Smart Home = Sold Home

Ed Wenck
Sep 23, 2016

While CEDIA’s home tech pros were digging into training during the 2016 show in Dallas, more than 70 Coldwell Banker realtors were huddled in a room for a presentation from Ryan Herd, CEO of 1 Sound Choice and Dave Siroty, a Coldwell Banker Realty VP.

The message? Simply put, tech sells houses – so let’s learn how to talk about it. “Coldwell Banker wanted to learn what the term really meant,” Herd explains. “They reached out to CNet, did some work on their own … and got some really great information.”

Dave Siroty provides some more background: “Before the Great Recession, a lot of people looked at their home as a piggy bank. Now, there’s again an emotional attachment to the home. About two-and-a-half years ago, we realized the home was changing with this new technology: the home itself was trying to simplify our lives … and save us money.” A connection with Lutron provided an introduction: Siroty met Dave Chic, CEDIA’s Senior Director of Industry Relations, and soon a curriculum and certification program was being constructed.

Prior to CEDIA 2016, Herd had cut his teeth with online presentations and a session in his home state of New Jersey. By the time the Dallas show rolled around, Herd felt he’d polished the curriculum: Explaining the technology to real estate agents in a way that both agent and customer could really get their heads around.

“Our latest research indicates that 71 percent of Americans want a move-in ready home -- what was shocking was that of those, 44 percent believe ‘smart home ready’ is part of that equation.”

“The whole idea of this training is to have the agent understand the basic moving parts – think thermostat, think door locks, think lighting control – give them the ability to identify it and then be educated about this stuff,” says Herd. He notes that the research Coldwell Banker’s done has borne out the notion that people are profoundly interested in the new technology, and fully expect that the person selling them a home had better be up to speed on available features. A realtor “doesn’t necessarily have to know how to hook the stuff up,” says Herd, “but if they walk past a Nest, the consumer expects them to be knowledgeable about it.”

Knowledgeable to the point where the realtor receives a certificate and a badge – something that’s part of an agent’s marketing tools.

So far, 2,000 agents have received the certificate, and Coldwell Banker fully expects that the majority of their 85,000 agents worldwide will see the training as key. The fundamental awareness of smart home tech means fresh opportunities for everyone in the CEDIA channel – and Siroty has the research to back that claim.

“Our latest research indicates that 71 percent of Americans want a move-in ready home -- what was shocking was that of those, 44 percent believe ‘smart home ready’ is part of that equation.” In short, the tech doesn’t just make the home more livable – it makes it more sellable.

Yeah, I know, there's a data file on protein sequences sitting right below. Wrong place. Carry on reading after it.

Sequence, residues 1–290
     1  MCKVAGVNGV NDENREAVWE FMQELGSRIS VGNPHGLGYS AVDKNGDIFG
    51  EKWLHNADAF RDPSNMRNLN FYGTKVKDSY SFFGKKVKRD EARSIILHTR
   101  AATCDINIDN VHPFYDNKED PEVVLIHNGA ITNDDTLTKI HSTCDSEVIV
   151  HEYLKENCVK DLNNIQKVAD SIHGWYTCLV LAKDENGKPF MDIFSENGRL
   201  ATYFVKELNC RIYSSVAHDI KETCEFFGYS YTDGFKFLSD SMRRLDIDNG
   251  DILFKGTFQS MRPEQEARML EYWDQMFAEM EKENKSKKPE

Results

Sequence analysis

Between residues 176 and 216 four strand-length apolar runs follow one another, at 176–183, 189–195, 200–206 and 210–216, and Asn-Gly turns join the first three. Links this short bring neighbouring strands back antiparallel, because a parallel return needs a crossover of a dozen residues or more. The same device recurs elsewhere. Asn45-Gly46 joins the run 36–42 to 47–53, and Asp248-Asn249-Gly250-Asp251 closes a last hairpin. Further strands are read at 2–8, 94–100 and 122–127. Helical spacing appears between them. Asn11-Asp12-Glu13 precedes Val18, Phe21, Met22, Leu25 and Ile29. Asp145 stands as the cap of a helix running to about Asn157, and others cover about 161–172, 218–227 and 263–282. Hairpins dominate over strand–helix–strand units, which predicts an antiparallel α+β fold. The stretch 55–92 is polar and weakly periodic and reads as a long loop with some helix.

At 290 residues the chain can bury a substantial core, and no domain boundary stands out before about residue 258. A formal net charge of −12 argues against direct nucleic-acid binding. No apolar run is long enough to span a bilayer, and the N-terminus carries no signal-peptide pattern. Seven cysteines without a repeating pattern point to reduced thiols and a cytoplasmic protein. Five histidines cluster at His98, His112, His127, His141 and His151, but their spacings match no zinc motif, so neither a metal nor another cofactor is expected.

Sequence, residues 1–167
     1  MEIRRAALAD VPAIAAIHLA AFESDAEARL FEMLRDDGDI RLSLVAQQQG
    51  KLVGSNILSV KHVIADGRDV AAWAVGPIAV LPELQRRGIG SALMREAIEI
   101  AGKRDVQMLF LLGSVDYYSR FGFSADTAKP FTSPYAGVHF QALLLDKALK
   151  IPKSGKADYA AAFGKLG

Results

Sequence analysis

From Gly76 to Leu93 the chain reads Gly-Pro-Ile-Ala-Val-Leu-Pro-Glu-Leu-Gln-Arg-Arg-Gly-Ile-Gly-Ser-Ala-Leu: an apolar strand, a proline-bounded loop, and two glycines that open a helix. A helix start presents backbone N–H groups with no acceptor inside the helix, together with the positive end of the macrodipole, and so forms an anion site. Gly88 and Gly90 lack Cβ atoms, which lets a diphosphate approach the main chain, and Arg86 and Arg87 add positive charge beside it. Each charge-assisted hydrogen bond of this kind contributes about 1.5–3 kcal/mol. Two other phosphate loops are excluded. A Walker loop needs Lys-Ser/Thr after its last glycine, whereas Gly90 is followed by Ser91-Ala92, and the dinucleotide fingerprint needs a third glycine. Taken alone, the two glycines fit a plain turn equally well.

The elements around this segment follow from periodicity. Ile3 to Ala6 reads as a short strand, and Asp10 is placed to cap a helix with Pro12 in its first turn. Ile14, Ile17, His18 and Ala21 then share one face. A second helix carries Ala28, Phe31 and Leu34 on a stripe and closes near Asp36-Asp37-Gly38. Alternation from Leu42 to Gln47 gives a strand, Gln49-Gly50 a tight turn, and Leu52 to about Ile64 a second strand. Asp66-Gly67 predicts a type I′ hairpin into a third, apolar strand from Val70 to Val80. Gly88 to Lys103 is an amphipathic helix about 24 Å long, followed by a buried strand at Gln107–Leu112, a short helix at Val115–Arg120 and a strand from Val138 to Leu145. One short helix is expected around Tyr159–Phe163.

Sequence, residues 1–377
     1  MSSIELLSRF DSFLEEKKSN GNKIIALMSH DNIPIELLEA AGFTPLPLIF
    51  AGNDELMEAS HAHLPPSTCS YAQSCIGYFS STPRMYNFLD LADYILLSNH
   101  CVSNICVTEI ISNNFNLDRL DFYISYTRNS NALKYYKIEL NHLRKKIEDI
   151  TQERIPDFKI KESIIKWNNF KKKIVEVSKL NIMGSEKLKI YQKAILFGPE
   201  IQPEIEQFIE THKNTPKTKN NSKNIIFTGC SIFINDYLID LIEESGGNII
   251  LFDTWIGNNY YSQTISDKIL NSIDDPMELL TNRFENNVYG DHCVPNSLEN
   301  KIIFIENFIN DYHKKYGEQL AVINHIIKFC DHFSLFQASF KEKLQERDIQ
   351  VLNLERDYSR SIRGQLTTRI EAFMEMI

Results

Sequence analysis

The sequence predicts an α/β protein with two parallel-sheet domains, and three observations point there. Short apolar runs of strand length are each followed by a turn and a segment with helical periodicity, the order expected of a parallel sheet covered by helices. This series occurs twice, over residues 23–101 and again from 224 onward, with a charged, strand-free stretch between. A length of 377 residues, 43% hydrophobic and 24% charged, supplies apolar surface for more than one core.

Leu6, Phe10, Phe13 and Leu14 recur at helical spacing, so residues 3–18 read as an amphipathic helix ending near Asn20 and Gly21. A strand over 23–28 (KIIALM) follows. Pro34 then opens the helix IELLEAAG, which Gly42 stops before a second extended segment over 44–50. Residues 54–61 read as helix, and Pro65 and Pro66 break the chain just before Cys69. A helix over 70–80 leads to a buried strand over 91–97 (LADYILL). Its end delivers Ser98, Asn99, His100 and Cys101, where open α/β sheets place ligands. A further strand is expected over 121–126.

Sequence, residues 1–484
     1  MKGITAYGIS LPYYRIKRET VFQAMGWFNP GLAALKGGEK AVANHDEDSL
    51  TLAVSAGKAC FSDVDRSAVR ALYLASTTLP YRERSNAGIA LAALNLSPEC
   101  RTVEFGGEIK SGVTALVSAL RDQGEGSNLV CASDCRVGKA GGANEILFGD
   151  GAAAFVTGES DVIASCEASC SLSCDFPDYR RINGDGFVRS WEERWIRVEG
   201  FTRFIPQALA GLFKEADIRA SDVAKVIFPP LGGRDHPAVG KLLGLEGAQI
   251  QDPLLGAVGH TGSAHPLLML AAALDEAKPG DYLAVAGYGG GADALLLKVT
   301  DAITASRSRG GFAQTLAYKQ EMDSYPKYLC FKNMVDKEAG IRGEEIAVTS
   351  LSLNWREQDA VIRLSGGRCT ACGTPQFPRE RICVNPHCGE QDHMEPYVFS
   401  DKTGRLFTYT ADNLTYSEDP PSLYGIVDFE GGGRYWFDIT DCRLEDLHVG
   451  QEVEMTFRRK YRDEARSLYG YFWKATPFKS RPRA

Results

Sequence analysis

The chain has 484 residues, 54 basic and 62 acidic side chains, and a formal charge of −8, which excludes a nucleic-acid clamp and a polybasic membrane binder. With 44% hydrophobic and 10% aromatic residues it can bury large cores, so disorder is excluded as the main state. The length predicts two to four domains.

Granted, the technology that Herd presented wasn’t what he calls “the big stuff” – no dedicated home cinemas requiring drywall decoupling and careful calibration. Still, by giving the realtors a solid working knowledge of home tech products and fundamental integration, the attendees felt that Herd had given them a few more arrows in their quivers. In fact, the unsolicited comments Herd received afterward were downright glowing. A small sample:

“I do indeed appreciate the opportunity to learn about this new technology and to earn this new designation that you have provided for your agents.”

“I attended, and I am so glad I did! Thank you for the opportunity to stay ahead of the competition. You rock!”

Siroty’s reviews are pretty positive, too – he calls the CEDIA/Coldwell initiative “a tremendous marriage.”

1 Comment

  1. 1 Wayne Caswell 06 Oct
    Not so fast, Ed. While I agree with the research into "move-in ready" and "smart home ready," The actual smarts are still too personal to add value to a home and may even detract, just as a swimming pool is a plus to some buyers but a deal breaker to others. Why is that?

    One problem is the buyer's familiarity with, and preference for, different platforms (Home Kit, Google Home, Amazon Echo, SmartThings, Iris, WEMO, Control4, etc.). Then there's the different network media (wired, wireless & power line) and different protocols (Bluetooth, Wi-Fi, ZigBee, Z-Wave, Insteon, X10).

    I recently sat in on a continuing education session on Smart Home technologies for a group of realtors, taught by a CEDIA installer. I was invited because of my experience and reputation. The net recommendation was to value "smart home ready" wiring but really no more. For more on my perspective, and why this market still has been unable to Cross the Chasm into mainstream adoption even after over 50 years, see http://www.mhealthtalk.com/elusive-smart-home/.



CEDIA blog posts are intended to provide general information and should not be regarded as legal opinions or advice.

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